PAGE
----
In these increasingly digital yet tactility deficient times, where Post-Truth is the Oxford Dictionaries Word of the Year; advances in technology are raising questions about what a ‘real’ human is; and, laid-off workers turned out in droves to elect a man who claims he’ll serve their immediate employment concerns while deporting that nice family down the road and denying climate change among other questionable policy stances, discussions on authenticity are needed more than ever.
Interestingly, it is now 4 consecutive years where the notable words of the preceding 12 months have been associated with some degree of inauthenticity. Last year it was Face of Tears of Joy emoji, 2014 was Vape and 2013 Selfie. Each of these words (2016 included) crossed the Atlantic (and thus the entire English speaking world) in being selected as both the UK and US Oxford Dictionaries’ Word of the Year. Ironically, a contender for the 2016 Word of the Year, Woke (which embodies the fight against a Post-Truth world) lost out, as has its originally intended meaning, now relegated to hash tags accompanying disposable, vacuous 160 character thought bubbles.
This post departs from a dialogue that Daniel Paul Marshall began, asking his readers to share their definition of authenticity. Daniel’s intention is to harness the sentiments of the dialogues, and oscillate “…between blocks of my personal research, perhaps tradition as regards society, specifics, probably Korea & how it has warped, then switch to a sort of dialogue written in the format of a play…” I have no doubt whatever form it takes, it will be an engaging read.
My foray into the dialogue on authenticity was an attempt at an all-encompassing, one-size fits all definition:
Something or someone with qualities that haven’t/aren’t tainted by an interaction / passing of years / observation / consumption / public perception.
Daniel being ever inquisitive (I quickly learnt) fired back many questions that forced me to re-think, elaborate, and test my definition against possible exceptions as well as demarcating the blurry line between Original and Authentic.
The initial dialogue was weeks ago and continued in a second post on Daniel’s blog where he focused the discussion around travel. His question then was “… what do you think is involved to make an ‘authentic’ travel experience?”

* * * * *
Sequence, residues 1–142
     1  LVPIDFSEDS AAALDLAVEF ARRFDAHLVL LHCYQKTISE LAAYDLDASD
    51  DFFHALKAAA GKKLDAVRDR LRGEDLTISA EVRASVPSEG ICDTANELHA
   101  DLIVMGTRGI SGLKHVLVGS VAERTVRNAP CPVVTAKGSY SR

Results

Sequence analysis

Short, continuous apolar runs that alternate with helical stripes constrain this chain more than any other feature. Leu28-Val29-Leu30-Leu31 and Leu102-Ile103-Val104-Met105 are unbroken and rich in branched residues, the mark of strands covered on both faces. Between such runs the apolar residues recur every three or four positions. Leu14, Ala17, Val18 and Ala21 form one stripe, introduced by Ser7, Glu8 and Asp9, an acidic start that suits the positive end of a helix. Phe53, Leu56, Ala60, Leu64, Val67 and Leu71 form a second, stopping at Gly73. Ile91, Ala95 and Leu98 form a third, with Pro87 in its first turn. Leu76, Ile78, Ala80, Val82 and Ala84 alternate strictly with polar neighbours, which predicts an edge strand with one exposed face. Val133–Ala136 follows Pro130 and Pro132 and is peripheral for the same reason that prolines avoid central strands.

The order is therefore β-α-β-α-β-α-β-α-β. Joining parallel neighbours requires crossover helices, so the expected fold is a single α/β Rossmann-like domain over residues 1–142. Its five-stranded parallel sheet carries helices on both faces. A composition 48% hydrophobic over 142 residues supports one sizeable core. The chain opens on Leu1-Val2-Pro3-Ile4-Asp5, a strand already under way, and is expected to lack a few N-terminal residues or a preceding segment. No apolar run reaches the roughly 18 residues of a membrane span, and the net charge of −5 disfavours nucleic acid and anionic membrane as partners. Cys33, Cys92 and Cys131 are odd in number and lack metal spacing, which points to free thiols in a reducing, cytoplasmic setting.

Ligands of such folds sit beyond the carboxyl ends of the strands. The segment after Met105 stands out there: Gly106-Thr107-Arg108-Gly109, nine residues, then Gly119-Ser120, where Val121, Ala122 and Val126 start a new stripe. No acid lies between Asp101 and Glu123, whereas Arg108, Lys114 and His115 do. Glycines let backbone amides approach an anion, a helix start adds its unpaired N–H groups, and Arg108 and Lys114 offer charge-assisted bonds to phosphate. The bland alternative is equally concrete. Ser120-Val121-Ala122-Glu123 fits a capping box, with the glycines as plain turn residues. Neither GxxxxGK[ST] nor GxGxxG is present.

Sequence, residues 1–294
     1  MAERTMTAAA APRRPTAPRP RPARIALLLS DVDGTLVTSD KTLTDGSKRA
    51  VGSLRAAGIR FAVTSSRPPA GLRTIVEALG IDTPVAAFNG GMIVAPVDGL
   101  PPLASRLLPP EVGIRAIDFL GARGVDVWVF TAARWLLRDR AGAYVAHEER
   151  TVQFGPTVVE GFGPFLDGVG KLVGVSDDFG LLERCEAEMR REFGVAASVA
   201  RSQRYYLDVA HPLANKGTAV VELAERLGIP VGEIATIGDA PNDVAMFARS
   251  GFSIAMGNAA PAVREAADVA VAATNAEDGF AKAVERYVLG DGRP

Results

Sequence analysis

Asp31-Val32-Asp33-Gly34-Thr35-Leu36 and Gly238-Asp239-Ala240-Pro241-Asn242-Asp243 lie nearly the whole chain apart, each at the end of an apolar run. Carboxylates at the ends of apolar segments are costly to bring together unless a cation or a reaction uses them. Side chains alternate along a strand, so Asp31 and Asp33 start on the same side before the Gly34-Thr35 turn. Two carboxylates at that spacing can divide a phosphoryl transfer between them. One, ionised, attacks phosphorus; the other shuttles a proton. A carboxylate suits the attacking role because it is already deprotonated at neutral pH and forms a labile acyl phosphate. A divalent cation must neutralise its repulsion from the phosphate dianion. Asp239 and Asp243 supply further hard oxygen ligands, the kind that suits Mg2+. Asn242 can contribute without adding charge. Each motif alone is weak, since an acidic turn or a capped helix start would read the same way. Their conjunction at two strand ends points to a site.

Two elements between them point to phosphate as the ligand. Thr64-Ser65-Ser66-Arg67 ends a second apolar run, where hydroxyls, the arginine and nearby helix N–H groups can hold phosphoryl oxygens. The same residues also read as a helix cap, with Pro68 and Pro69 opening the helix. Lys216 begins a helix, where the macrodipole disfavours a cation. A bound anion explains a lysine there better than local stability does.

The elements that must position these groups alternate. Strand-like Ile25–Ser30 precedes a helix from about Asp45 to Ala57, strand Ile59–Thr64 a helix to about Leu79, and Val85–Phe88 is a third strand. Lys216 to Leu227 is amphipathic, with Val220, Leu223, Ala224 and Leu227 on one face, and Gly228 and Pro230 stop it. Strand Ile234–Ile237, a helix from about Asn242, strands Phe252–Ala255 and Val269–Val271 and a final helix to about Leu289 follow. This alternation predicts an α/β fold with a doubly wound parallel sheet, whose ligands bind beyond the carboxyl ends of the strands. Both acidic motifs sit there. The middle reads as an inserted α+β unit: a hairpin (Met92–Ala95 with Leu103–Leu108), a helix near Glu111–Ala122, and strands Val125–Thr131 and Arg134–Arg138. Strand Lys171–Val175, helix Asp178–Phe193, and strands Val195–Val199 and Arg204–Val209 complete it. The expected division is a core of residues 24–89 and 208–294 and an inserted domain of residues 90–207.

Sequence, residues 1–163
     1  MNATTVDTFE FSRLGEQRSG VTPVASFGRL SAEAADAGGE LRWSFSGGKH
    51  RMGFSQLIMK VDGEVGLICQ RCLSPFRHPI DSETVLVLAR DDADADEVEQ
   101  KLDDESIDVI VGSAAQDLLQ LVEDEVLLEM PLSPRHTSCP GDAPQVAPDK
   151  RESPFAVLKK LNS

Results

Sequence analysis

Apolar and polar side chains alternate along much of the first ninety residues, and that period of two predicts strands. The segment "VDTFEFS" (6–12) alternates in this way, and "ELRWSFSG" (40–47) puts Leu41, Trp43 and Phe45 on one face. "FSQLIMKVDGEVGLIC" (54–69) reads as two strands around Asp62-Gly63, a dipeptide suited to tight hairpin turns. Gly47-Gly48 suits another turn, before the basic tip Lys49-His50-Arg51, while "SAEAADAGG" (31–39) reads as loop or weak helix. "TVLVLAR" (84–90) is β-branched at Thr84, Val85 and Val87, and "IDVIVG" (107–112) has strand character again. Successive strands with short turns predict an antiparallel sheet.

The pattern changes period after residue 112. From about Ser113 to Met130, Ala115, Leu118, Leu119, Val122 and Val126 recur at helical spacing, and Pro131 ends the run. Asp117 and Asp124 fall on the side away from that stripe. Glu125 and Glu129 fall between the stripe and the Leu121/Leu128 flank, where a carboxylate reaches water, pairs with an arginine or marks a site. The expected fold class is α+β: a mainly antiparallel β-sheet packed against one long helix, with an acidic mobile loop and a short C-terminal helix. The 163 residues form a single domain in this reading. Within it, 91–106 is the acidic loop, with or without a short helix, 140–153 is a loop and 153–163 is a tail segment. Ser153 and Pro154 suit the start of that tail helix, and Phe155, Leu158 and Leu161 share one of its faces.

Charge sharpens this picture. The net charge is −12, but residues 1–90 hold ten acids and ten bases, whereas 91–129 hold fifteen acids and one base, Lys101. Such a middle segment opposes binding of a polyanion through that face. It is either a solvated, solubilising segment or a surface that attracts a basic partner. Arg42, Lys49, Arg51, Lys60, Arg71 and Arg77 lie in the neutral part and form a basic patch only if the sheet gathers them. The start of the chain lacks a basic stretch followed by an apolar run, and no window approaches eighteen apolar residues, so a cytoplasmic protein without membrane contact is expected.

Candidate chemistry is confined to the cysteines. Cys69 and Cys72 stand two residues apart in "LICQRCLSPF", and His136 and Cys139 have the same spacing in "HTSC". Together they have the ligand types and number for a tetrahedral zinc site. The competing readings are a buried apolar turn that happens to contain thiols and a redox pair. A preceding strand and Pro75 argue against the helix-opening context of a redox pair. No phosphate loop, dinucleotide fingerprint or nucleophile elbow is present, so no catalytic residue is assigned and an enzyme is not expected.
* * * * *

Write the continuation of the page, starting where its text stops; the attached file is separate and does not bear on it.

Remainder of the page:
To which my initial (lengthy) response was:
Authentic travel experiences, in my opinion, are mainly influenced by the mindset of the traveler and the openness to immerse in local cultures in a respectful manner. Get that right, and it will be authentic, because you’ll get an insight into the present day culture of the place you are visiting. I know some people think authentic has to be going to a place that has no other tourists and the locals have not been exposed to outside influences, but you’d need to time travel if that is what you’re after (in my opinion). 2 authentic experiences I have had that stand out was bumping into locals in Grimyachinsk as my friend and I were going to brave a cold swim in Lake Baikal (and get 10 extra years of life or something…). These incredibly generous people suggested we come back to their place for lunch once we were done- we were totally immersed in the spirit of it all and didn’t think twice about saying yes and in doing so, learnt a little more about their piece of the world. The other one was travelling through Mongolia and being invited in for milk tea or a fermented brew whenever we chanced upon a ger in the sparsely populated steppes. The gers almost all had satellite dishes and a TV inside, but it was an authentic experience as it provided an insight into the customs and culture that were true at that point in time. Neither of these experiences could be purchased or booked- they were part of just ‘being’ in the place and in those moments.
But it didn’t end there. In the comments of a microfiction piece I posted last week, Daniel and I returned to familiar ground, and others bloggers joined the dialogue. What better way to strengthen our virtual connections and add a dose of real than to discuss our thoughts on authenticity? I hope it will inspire a chain reaction of thoughts on what it means to each of us; in turn allowing a connection with our true selves and either re-defining or confirming what we are willing to accept or ready to fight against in the world around us, halting the mass migration toward a mono-culture where a word such as ‘post-truth’ can warrant prolific use.
Please share your thoughts (here or on *Daniel’s blog) on what authenticity means to you, in a specific area or a broad meaning you feel holds water regardless of context.
*If you do comment on Daniel’s blog, bear in mind that he is offline for a couple of weeks but would no doubt love to read and respond to your comments on his return (a little payback for the Spanish Inquisition I underwent haha).